Apple 2.0

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Judge's remedies in Apple antitrust case apply only to e-books

September 6, 2013: 10:18 AM ET

Apple escapes the most intrusive elements of the government's proposed remedies.

Judge Cote.

Judge Cote.

FORTUNE -- Judge Denise Cote issued her final order in the Apple (AAPL) e-book antitrust case late Thursday.

From the company's point of view, it could have been a lot worse.

The order prohibits Apple from engaging in the kind of negotiations or structuring the kinds of deals that resulted in five of the big six publishers ganging up on Amazon (AMZN) in early 2010 and forcing it to change its e-book business model.

But the judge did not impose some of the more onerous aspects of the Department of Justice's proposed remedies:

  • Apple is not required to let Amazon and Barnes & Noble (BKS) sell books on the App Store without giving Apple it's usual 30% cut.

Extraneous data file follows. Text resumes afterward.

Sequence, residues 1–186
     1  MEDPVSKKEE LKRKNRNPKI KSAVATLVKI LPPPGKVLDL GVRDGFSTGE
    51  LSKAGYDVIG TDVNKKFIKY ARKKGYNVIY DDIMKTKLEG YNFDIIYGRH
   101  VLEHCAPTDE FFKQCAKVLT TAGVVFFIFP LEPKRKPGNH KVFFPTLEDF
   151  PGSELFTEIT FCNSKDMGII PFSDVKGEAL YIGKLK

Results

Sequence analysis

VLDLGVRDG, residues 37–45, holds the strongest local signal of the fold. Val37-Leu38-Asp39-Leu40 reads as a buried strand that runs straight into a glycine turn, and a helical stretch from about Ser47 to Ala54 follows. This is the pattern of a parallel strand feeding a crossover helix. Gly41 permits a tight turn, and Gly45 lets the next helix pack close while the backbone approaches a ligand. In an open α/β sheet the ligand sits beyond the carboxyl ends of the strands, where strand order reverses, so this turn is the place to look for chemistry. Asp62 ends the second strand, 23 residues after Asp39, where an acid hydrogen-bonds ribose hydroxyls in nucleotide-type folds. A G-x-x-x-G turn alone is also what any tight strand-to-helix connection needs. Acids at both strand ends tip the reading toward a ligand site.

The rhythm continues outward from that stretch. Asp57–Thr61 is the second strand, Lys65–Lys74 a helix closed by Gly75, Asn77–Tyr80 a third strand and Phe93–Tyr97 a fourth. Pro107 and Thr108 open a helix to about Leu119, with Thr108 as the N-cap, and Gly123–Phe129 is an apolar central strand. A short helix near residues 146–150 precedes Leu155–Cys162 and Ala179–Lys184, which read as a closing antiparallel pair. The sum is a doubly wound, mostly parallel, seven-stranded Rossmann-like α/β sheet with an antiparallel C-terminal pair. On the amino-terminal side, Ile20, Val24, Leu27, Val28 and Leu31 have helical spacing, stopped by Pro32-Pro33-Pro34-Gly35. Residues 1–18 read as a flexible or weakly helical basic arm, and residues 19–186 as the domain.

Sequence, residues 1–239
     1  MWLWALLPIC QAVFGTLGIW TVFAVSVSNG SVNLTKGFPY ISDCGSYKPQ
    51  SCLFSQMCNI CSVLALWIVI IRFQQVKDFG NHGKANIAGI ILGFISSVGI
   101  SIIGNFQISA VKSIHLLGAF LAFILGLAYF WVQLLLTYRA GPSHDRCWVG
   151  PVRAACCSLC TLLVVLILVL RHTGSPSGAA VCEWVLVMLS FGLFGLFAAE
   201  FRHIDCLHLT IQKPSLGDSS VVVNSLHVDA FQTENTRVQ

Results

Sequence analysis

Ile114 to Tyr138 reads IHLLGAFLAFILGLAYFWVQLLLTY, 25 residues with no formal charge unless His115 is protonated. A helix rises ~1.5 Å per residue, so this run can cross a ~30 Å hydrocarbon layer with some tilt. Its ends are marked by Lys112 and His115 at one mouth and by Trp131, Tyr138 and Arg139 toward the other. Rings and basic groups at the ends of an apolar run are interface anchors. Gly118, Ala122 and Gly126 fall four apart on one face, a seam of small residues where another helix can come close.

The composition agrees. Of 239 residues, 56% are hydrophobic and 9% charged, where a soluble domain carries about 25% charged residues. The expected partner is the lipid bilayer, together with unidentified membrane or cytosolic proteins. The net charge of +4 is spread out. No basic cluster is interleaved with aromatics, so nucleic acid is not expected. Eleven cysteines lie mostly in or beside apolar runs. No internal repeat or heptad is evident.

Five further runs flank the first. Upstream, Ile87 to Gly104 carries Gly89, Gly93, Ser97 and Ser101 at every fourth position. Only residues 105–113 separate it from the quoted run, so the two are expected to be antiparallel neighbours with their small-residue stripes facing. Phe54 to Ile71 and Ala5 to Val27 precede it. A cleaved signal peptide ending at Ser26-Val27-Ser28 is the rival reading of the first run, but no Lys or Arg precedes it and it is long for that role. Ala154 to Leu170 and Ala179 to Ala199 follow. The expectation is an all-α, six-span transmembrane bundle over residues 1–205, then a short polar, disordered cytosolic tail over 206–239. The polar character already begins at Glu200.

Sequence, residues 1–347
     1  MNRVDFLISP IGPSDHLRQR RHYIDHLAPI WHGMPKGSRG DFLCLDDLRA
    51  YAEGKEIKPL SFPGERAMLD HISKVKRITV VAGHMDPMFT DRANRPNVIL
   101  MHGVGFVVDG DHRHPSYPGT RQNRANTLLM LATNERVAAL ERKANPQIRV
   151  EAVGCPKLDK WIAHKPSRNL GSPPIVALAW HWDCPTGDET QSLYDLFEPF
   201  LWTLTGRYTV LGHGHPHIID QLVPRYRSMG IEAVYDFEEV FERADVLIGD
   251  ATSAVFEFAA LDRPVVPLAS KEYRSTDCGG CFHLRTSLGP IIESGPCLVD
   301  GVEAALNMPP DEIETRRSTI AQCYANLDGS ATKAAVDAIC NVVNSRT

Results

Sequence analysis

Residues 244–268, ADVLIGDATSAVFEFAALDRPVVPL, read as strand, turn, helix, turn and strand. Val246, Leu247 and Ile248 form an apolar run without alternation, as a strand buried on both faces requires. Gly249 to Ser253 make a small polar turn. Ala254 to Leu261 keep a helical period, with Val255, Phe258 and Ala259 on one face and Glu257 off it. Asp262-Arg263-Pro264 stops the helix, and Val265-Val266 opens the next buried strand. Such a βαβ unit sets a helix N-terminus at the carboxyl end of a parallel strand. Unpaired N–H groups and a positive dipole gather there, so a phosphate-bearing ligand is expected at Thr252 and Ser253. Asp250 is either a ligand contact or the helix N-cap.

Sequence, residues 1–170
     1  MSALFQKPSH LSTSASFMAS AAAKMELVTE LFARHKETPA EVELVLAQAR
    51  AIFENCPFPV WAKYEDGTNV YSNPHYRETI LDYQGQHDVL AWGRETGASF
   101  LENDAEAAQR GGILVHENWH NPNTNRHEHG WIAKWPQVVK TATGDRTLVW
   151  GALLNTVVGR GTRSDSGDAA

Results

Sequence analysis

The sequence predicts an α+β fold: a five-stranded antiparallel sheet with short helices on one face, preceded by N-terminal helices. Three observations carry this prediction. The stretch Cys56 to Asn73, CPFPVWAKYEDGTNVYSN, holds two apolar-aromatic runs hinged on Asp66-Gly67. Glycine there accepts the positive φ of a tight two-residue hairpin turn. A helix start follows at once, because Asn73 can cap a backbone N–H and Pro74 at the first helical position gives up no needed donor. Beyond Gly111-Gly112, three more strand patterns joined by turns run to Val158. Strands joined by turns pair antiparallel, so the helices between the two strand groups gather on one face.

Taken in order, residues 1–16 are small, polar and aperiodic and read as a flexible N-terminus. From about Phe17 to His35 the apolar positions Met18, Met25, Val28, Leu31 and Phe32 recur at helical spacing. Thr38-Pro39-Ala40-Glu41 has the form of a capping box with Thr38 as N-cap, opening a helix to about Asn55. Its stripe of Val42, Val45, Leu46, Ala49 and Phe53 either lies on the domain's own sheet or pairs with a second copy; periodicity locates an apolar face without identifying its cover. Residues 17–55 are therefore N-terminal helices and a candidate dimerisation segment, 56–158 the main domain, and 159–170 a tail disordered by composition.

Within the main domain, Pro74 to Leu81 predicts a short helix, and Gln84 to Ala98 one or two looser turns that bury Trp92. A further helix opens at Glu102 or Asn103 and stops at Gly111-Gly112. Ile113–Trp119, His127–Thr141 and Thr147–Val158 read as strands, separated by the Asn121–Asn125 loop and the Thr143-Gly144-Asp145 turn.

• Apple is not required to change the way it conducts negotiations for other media -- TV shows, movies, music, apps, etc.
  • Although a court-appointed monitor will be overseeing Apple's e-book negotiations for the next two years, he or she will not be looking into the rest of Apple's business practices.

A separate jury trial to set penalties -- which could amount to hundreds of millions of dollars -- is scheduled for next year.

Judge Cote found in June that Apple had conspired the publishers to fix e-book prices. Apple has said it will appeal that ruling, but has not yet done so.

Link: US v. Apple Injunction.

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About This Author
Philip Elmer-Dewitt
Philip Elmer-DeWitt
Editor, Apple 2.0, Fortune

Philip Elmer-DeWitt has been following Apple since 1982, first for Time Magazine, and now on the Web for Fortune.com.

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